During the week leading up to Occupy Austin’s October 6 birthday, the group participated in the Cop Block’s Chalk The Police Day of Action. We began by chalking at Austin City Hall, where the police monitor was in session and in honor of a recent court ruling that said bans from City Hall were unconstitutional.
|By: Kit OConnell Wednesday October 17, 2012 2:49 pm|
The Texas fusion center enabled Austin Police to entrap activists in Houston, but apparently it can’t help settle a dispute when that entrapment comes to light. The Austin Chronicle reports that the Austin Police Department would rather drop the charges against the Gulf Port 7 than reveal their undercover officers.
Also a Tar Sands Blockade Update.
|By: Kit OConnell Thursday September 27, 2012 5:45 pm|
A policy which shaped the history of Occupy Austin has been ruled unconstitutional by the U.S District Court. The ruling comes just over a week before the group celebrates its first birthday on October 6.
On that day, Occupy Austin first encamped on the amphitheater steps outside Austin City Hall; because of a legal loophole, the camping and sleeping ban which applies to most of Austin did not apply at that site.
|By: Kit OConnell Monday September 24, 2012 7:15 pm|
What is it about being filmed that makes Austin Police so scared? Why is being filmed equated with physical interference or even threats of violence? Despite the risk that the arrests put on all local journalists, mainsteam media continues to repeat claims by Austin Police Association Wayne Vincent, Police Chief Acevedo and others that PSP presence incites violence rather than simply documents it. Peaceful Streets Project seems unmoved, however, holding emergency tactical meetings over the weekend and planning their expansion into other cities. They held their first rally in Houston, Texas today.
|By: Kit OConnell Thursday August 30, 2012 5:26 pm|
Judge Joan Campbell has threatened to dismiss the case unless these documents are presented along with the names of two other undercover officers at the next hearing, scheduled for September 5 2012.
|By: Kit OConnell Wednesday August 29, 2012 3:30 pm|
Why did undercover Austin Police Department Detective Shannon G. Dowell provide material support for an activist protest that resulted in them being charged with a felony in Houston?
That’s the question I want answered after speaking with Ronnie Garza, a member of Occupy Austin who faces felony charges resulting from actions at the Port of Houston on December 12, 2011. On this day, the National Port Shutdown day of action, seven activists from Austin, Dallas, and Houston blocked the main entrance into the port by laying in the road and linking arms inside lockboxes (also known as sleeping dragons), which physically linked them together so that they had to be cut apart. The use of these instruments resulted in these seven being charged with Unlawful Use of a Criminal Instrument or Device, while others who merely linked arms and legs faced lesser misdemeanor charges.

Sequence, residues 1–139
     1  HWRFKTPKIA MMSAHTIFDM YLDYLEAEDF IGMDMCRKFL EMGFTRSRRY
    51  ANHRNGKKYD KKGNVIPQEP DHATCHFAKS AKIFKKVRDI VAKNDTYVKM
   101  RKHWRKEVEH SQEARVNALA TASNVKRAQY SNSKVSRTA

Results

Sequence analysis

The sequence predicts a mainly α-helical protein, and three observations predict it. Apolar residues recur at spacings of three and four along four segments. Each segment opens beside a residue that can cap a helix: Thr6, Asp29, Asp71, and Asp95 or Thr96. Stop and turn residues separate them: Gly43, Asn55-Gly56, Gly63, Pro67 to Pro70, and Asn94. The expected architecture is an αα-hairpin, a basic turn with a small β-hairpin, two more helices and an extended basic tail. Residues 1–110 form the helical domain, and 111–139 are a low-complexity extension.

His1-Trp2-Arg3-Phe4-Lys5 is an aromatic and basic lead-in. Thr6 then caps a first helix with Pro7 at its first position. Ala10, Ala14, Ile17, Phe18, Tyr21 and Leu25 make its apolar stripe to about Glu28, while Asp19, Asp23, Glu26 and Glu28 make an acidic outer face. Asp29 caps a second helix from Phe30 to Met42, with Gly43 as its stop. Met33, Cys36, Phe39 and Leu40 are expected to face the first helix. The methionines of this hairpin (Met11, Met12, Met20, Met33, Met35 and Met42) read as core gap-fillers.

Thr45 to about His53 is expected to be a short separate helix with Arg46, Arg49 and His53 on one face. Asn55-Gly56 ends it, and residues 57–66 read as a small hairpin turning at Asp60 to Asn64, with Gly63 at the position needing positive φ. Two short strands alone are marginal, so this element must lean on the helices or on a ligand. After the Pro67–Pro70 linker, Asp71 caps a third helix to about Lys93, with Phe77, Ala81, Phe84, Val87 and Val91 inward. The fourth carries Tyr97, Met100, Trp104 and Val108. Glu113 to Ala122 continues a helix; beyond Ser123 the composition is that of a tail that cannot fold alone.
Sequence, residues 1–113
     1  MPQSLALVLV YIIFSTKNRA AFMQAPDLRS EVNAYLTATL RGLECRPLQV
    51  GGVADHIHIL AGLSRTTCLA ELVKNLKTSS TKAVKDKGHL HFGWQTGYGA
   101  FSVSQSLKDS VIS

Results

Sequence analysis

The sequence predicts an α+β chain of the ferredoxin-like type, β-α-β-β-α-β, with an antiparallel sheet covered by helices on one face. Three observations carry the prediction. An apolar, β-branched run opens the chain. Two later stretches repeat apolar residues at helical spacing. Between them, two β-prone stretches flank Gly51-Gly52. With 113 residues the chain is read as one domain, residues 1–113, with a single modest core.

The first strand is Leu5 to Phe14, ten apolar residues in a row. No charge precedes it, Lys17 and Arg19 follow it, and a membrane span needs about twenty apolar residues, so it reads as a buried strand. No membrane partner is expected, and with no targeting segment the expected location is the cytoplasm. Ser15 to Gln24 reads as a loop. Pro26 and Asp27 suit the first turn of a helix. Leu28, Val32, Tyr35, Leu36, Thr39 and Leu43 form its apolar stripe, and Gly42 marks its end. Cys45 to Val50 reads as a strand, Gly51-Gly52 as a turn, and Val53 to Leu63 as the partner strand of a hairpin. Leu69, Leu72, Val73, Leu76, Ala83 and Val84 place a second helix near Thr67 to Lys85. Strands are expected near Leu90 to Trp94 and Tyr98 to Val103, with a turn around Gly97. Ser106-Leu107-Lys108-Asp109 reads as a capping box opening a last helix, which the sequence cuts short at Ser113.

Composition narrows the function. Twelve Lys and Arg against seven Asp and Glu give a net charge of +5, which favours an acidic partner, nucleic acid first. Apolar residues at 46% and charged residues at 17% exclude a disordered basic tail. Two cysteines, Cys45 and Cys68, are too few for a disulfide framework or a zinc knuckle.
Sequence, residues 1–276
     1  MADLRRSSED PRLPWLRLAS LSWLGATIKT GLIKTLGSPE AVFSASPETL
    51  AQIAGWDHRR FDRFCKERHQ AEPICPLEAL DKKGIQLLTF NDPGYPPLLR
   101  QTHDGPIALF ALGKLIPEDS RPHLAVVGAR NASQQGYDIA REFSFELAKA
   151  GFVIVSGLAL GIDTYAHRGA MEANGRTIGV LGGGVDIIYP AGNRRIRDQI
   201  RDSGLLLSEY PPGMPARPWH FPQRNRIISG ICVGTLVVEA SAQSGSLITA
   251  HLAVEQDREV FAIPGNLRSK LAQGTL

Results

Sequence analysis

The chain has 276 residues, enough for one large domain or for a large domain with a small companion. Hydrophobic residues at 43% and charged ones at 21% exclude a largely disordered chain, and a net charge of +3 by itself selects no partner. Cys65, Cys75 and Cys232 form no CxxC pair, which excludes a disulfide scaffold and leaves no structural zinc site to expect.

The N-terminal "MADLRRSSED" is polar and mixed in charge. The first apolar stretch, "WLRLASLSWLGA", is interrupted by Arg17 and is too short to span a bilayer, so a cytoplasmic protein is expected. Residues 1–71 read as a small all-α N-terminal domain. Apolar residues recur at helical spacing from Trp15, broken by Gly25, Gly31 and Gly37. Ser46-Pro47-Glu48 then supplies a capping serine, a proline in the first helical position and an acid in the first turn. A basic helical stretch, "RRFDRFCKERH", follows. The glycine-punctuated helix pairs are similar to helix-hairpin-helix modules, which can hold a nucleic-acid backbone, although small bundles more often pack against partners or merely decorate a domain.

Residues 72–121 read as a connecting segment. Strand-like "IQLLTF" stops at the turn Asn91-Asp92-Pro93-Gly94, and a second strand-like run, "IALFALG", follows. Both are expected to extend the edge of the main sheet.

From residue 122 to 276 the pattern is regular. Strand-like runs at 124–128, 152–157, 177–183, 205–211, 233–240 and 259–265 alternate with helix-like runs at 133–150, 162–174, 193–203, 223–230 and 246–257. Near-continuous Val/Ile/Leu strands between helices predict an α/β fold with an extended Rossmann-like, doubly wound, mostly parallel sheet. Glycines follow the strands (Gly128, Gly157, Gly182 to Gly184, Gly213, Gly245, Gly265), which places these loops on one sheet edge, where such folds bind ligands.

|By: Kit OConnell Wednesday July 4, 2012 4:20 pm|
I intend to spend the 4th at the Texas State Capitol where Occupy Austin is planning a full day of events. The schedule includes teach-ins and the creation of a list of demands in the form of a new Declaration of Independence, using the same visioning process being used in Philadelphia at the National Gathering. The collectively created document will be shared at the end of the day, before we march to dinner at Austin City Hall. Organizers have been calling on participants to bring camping gear, so attempted reoccupation of space may occur.
|By: Kit OConnell Thursday June 14, 2012 6:30 pm|
Last week we heard from the United Steelworkers on behalf of C&M Conveyor, a firm in Mitchell, Indiana. They unionized with United Steel a year ago but have struggled with the company’s owners, vulture capitalists Blue Sage Capital who have refused to give them a contract while cutting their hours, wages, health care and retirement benefits. Though health insurance is theoretically provided, the insurance deductible to cover a family is $10,000, leaving some workers literally bankrupt after medical emergencies. Many workers are so broke that they qualify for food stamps.
Today we protested at Blue Sage’s downtown Austin offices.
|By: Kit OConnell Wednesday June 13, 2012 4:18 pm|
About a month ago, a balcony collapsed at Wood Ridge apartment complex in south Austin, Texas. Occupy Austin has been involved since we first got word of the collapse. We’ve reached out to several residents, making ourselves available to help them organize a response and get the help they need. The group was present at a recent, contentious code hearing where Asset Plus was given 75 days to make repairs to ten of the 15 buildings.
This wasn’t enough for us; here’s a report on the follow up.
|By: johndeand Saturday May 19, 2012 10:00 am|
I had avoided telling my parents about anything involving activism or really any socializing with other LGBTQ people. To my parents at that time, I was a docile gay who was renouncing that “lifestyle” to grow closer to God. But after that march, I knew I had to go to them and come out as an on-fire activist. I spent days writing what I was going to say to them before I had to go back home.